fear for self defence

October 15, 2013 Why We Need Fear For Self Defence

Just imagine if we did not feel or react to fear, we would not survive for very long as we would be placing ourselves in danger every day. Why we need fear for self defence.  The main purpose is to ensure our survival, through fear. The fear mechanism is in humans and animals, it is said the only fear we are born with is a fear of falling and a fear of the dark the rest we have learned. Through evolution of the human and animal species by being aware of dangers that have been passed down through our genes, so the statement we are only born with a fear of falling and darkness is not true, we are already hard wired with a set of fears.  Joanna Bourke a professor wrote A Cultural History frames fear with this story. Why do we “pull a face” in the face of fear – contort our facial muscles into an expression that conveys terror?

In the 19th-century brawl over evolution, this face of fear became a debating point. Since the physical expression of panic appears the same in every culture and place, some argued a divine cause – God had given people a way to convey their most extreme feelings, whatever the barriers of language.

Charles Darwin was not convinced. Such grimaces, he suggested, were involuntary and accidental. Evolution had provided facial muscles to control speaking, shade our eyes, chew food. When we experienced fear our muscles tightened to take flight, and we assumed – without meaning to – an expression that signaled dread.

If we know pulling a face serves no real purpose, can we control our fearful reaction? Darwin decided to test this by visiting the reptile house at the London Zoological Gardens. Standing behind thick glass, protected from harm, could Darwin keep a straight face as a puff adder lunged.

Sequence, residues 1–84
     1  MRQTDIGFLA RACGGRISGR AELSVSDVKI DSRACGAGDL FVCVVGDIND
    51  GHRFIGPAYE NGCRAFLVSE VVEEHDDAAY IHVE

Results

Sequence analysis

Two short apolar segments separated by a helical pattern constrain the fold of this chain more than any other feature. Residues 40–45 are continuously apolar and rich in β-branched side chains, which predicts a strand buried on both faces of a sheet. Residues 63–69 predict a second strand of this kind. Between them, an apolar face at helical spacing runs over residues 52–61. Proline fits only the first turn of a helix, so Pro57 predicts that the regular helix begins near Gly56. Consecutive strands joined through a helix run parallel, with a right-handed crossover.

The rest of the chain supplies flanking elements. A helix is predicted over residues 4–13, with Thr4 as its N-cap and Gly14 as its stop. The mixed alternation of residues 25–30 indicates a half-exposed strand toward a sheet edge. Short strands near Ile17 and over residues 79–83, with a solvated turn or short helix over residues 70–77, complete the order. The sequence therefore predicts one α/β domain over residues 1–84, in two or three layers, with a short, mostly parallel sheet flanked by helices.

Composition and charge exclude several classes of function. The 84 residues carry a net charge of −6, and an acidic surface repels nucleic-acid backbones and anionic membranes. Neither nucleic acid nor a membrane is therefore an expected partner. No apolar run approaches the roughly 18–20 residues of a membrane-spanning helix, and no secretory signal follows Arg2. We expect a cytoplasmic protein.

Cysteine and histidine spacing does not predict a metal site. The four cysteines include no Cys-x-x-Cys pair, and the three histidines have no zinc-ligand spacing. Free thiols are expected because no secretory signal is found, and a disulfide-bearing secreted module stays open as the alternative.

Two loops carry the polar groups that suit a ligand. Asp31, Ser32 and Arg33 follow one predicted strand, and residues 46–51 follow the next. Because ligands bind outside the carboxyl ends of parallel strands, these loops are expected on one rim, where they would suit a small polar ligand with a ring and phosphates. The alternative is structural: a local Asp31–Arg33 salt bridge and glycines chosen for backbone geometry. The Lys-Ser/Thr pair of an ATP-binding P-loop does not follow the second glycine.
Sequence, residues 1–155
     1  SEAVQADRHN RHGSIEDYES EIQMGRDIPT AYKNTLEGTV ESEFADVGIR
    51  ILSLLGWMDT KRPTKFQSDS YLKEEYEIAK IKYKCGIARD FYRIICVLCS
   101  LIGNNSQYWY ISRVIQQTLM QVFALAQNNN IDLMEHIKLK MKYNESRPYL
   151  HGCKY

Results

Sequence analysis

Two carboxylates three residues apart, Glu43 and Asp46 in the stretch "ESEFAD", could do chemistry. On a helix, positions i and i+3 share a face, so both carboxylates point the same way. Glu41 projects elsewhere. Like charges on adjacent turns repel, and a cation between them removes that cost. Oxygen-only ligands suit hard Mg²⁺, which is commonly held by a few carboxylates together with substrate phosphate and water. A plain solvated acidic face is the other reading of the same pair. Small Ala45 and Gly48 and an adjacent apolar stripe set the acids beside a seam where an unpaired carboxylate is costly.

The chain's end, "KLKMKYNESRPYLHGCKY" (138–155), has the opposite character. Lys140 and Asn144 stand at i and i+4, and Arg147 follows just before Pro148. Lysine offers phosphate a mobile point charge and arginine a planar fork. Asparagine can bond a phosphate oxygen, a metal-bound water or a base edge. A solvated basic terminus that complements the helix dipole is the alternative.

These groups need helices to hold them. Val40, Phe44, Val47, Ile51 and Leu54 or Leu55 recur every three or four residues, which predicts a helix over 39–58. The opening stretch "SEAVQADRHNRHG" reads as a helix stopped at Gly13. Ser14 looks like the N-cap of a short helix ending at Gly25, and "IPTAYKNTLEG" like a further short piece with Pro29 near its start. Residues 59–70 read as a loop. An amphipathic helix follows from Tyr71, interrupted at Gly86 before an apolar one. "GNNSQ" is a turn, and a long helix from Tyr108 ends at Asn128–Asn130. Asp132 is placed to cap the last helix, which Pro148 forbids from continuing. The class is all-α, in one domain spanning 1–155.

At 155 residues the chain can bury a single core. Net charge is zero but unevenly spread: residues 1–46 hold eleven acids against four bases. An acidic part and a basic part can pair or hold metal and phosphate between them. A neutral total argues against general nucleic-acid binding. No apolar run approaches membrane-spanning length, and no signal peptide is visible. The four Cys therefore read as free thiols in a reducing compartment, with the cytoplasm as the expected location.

As Darwin said in his diaries, the answer was an emphatic no. Though he tried hard to remain calm, fear proved instinctual. Each time the snake rushed towards the glass Darwin found himself leaping a yard or two backwards with astonishing rapidity. My will and reason were powerless against the imagination of a danger which had never been experienced.

Darwin concluded that our fear reflexes are guided by ancient circuits deep in the human brain. The face of fear is a by-product of our “fight or flight” reflex. That everyone behaves in similar fashion shows only that we share a common evolutionary heritage.
Fear is a reaction in the brain that starts with a stressful stimulus such as someone with a knife or a gun; this coincides with the release of chemicals that cause an elevated heart rate, fast shallow breathing and energized muscles, most of the fear process is an automatic response where we do not consciously think about it, also known as the fight-or-flight response.

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Written by Sam Markey

Website: http://www.kapapuk.com

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